Three couples were publicly caned in Indonesia’s Aceh province for ‘displays of public affection’ which violates the regions strict Sharia laws.
One woman was seen collapsing in pain after suffering 20 strokes from a rattan cane outside a mosque in the regional capital of Banda Aceh, and had to be helped on to a stretcher by guards.
Despite international condemnation, whipping is a common punishment for a range of offences in the deeply conservative region on Sumatra island, including gambling, drinking alcohol, and having gay or pre-marital sex.
All of the couples had served several months in prison before the sentences were carried out.
A woman is helped on to a stretcher in Bana Aceh, the capital Aceh, Indoensia’s only Sharia law province, after being publicly flogged for ‘displays of public affection’
Women are traditionally allowed to remain seated while they are beaten while men are forced to stand. They are also accompanied by female guards who help them on to and off the stage
Public floggings are common in Aech for a range of crimes including extramarital sex, same-sex relationships, adultery and even hugging in public
Female members of Aceh’s Sharia police help a woman to her feet after she was beaten with a cane made of rattan – a type of creeping vine – for violating the region’s strict laws
Three men and three women were given between 20 and 22 lashes each with a rattan cane in front of the mosque in Banda Aceh on Thursday
Dozens of onlookers, including some visiting Malaysian students, watched the spectacle.
‘I’m nervous because this is the first time I’ve seen something like this,’ said visitor Muhammad Rushdy.
‘But it can serve as an important lesson for us from other countries to comply with local regulations,’ he added.
Banda Aceh’s mayor Aminullah Usman repeated his long-held claim that the punishment is a deterrent.
‘But we keep telling visitors not to be afraid to visit Banda Aceh… because you won’t be flogged if you don’t break the law,’ he said.
Aceh is the only province in Indonesia, the world’s most populous Muslim nation, to apply Sharia law which proscribes corporal punishments for ‘crimes’ such as extramarital sex, same-sex relations, and smoking.
However, Indonesian lawmakers are considering rolling out a similar legal code across the entire country as they look to replace their Dutch colonial-era legal code with one based on Indonesian principles.
Sharia Police escort an Acehnese man prior to his caning. He spent months in prison before the sentence was carried out
Members of the public including several Malaysian tourists hold up their camera phones as a man sentenced to caning walks out on stage in Banda Aceh
Members of the state’s Sharia police position the man on stage before he is whipped with a cane for ‘showing public affection’
Sharia Police escort an Acehnese woman before she is caned in public for public display of affection in Banda Aceh
The proposed code would see extramarital sex punished with up to one year in jail, unmarried couples who ‘live together as a husband and wife’ could be jailed for six months or face a $710 fine, while anyone who promotes contraception to a person aged under 18 could also face a fine.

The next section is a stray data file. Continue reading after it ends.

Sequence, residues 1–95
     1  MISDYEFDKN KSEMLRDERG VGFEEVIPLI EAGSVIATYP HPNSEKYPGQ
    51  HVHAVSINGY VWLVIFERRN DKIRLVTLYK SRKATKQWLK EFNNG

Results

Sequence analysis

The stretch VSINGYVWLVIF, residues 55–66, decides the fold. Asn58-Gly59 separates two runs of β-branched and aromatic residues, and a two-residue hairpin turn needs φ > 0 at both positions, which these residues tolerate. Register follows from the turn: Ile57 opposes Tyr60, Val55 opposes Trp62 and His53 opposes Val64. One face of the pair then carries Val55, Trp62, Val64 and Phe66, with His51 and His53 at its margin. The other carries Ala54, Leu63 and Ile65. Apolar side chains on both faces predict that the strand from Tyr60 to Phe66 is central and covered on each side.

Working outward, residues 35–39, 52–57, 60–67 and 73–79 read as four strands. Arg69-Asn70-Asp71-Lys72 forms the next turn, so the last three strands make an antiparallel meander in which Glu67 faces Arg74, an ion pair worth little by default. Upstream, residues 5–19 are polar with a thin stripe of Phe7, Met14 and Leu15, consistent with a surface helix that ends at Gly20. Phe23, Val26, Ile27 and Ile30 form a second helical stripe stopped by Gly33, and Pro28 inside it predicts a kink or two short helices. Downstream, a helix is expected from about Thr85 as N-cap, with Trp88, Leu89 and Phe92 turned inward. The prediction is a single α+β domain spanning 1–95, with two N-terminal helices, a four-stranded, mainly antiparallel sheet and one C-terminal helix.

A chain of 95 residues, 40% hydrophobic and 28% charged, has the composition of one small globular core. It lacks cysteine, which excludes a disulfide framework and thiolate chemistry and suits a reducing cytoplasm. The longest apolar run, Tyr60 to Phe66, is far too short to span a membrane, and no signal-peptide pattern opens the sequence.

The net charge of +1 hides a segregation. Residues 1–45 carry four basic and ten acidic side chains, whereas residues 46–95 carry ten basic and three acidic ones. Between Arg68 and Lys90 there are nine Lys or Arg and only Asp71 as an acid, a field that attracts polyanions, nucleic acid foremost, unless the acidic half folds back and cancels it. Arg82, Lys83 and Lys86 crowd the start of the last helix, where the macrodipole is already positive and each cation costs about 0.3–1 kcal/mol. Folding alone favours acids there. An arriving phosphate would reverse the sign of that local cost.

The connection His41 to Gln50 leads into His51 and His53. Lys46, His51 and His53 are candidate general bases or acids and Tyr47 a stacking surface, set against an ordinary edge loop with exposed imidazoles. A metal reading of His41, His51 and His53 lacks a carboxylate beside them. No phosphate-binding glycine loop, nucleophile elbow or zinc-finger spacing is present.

Indonesia’s parliament and government agreed a final draft, of the 628-article bill on Wednesday and the House of Representatives is expected to vote on it later in the month.
The changes to the law would also apply to foreigners visiting the nation which is home to around 260 million people, including substantial Christian, Hindu and Buddhist minority groups.
The Institute for Criminal Justice Reform, an NGO, said millions of Indonesians could be ensnared by the new laws. It noted a study indicating that 40 per cent of Indonesian adolescents engaged in pre-marital sexual activity.
The law also impacts homosexuals as gay marriage is not recognised in Indonesia.
The code also establishes prison terms for those found to commit ‘obscene acts’, defined as violating norms of decency and politeness through ‘lust or sexuality’ for both heterosexual and homosexual people.
The new laws will also apply to foreigners. However, asked whether tourists in Indonesia could face jail for extramarital sex, Taufiqulhadi said: ‘No problem, as long as people don’t know.’
Floggings typically draw a crowd of observers, policemen, officials and media, many of whom film the beatings
Aceh’s authorities say Sharia punishments are a deterrent to crime, and encourage people to watch them being carried out
A trio of canoodling couples were publicly flogged in Indonesia’s Aceh province on September 19, charged with breaking local Islamic law that outlaws public displays of affection
A woman is assisted by members of the Sharia police after being whipped in public in Banda Aceh
There would also be a maximum four-year prison term for women who have an abortion, applicable if there was no medical emergency or rape involved. The code further introduces fines for some people who promote contraception, and a six-month prison term for unauthorised discussion of ‘tools of abortion’.
Senior Indonesia researcher at Human Rights Watch, Andreas Harsono, said such a move would put women’s lives at risk.
‘The bill’s provisions censoring information about contraception could set back the progress Indonesia has made in recent years to dramatically reduce maternal deaths,’ Harsono said.
Insulting the government and state institutions also carries a prison term – which activists say could have an impact on press freedoms – a similar law was struck down by the Constitutional Court in 2006.
In a statement, Human Right Watch, said if passed the new laws would ‘violate free speech and freedom of association. The ability to engage in political speech, even speech espousing a peaceful political ideology that the government does not favor, lies at the heart of the democratic process.’